Rolling through the automatic doors I noticed that the people there, playing, all could really, really, play. They, of course, noticed me the moment I came through the door.
Yesterday we went to play badminton. I played in my youth, in my days on two feet, and I wanted to try playing while sitting in my chair. We paid a few bucks and got our wristbands and then rolled over to the gym. It was full! I’d never seen it full before, but never mind, we were here, we were going in.
The two people overseeing the courts welcomed us and the older of the two women got up and took the four of us over to where the rackets were kept and went over the rules of how the courts are shared. We got on right away as a group of four decided to take a break. I was nervous that I’d never hit the birdie and that this might have been a foolish enterprise.
We all agreed that we’d play, not a game, but to see how many times we could get across without missing.
Ruby said she’d play on my side because she wanted her and I to wipe the floor with Joe and her mom.
I can still feel the first time my racket hit the shuttlecock. I saw it soar straight into the net. But I had hit it and I was hooked.
We played right until the last few minutes before the courts closed.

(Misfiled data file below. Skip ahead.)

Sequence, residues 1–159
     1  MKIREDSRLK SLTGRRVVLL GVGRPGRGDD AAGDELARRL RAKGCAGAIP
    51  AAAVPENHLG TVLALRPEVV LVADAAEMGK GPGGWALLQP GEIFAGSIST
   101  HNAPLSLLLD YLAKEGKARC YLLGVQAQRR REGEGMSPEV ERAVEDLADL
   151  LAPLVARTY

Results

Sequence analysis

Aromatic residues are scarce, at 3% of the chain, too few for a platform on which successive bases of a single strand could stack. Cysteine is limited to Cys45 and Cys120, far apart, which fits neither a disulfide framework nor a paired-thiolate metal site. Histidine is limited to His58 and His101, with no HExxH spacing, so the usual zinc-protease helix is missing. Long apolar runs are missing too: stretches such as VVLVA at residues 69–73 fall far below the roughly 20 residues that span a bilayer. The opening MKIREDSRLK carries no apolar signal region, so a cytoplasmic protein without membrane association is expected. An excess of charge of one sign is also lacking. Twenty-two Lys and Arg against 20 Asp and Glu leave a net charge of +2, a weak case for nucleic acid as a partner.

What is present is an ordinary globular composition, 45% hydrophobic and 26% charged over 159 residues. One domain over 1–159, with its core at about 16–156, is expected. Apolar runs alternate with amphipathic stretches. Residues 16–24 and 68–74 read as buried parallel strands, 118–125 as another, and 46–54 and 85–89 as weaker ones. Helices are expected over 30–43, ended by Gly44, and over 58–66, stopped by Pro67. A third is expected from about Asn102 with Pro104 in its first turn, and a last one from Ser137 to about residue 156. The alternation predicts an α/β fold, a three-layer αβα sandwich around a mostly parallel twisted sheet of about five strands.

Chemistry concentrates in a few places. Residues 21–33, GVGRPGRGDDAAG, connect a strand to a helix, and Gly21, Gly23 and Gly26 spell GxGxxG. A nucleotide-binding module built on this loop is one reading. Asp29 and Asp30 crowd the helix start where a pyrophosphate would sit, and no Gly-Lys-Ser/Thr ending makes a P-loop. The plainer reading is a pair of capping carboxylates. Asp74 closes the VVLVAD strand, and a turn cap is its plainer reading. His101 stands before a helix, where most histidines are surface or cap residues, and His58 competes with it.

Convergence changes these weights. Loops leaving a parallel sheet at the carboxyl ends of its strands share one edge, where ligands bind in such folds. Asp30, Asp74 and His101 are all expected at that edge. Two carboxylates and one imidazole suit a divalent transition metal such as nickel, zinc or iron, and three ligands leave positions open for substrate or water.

Each of us took rests when needed and we played in odd configurations but we played and laughed and supported each other and made suggestions about how it might work better.
We laughed, a lot.
We must have become boring to watch. Because midway through I noticed that no one any longer noticed us. We were just people on court having fun. The massive guy in the wheelchair managed to hit more times than maybe expected and no one minded helping when necessary. The story that they would have told, created instantly in their minds when they saw me, was rewritten. I had traveled the journey from a freak to a fellow – a trip I make a lot.
Yesterday was Thanksgiving Sunday. We went home to prepare a feast for us, Sadie came from a sleep over and was part of the celebrations.
We didn’t sit and talk about what we were thankful for, instead we just enjoyed what we were thankful for.
If I had to make a list, just from that day:
I’m thankful I have people who are willing and supportive to let me try to do things I think I probably can’t do.
I’m thankful that I have people who will walk into a room and get the second hand staring that they get on my arrival.
I’m thankful for people like the woman who welcomed us in the gym and who clearly wanted us there and wanted us all to have fun.
I’m thankful for whoever decided that there would be access to both the building and the gym where we played.
I’m thankful for the disability community that fought for the right to access, their contribution can never been forgotten.
I’m thankful to be part of a disability community that continues to teaches me that I have the right to public space.
I’m thankful that, in my heart, I have come to believe that the opinions of others aren’t needed when considering doing new things.
And, of course, I’m thankful for cranberry sauce.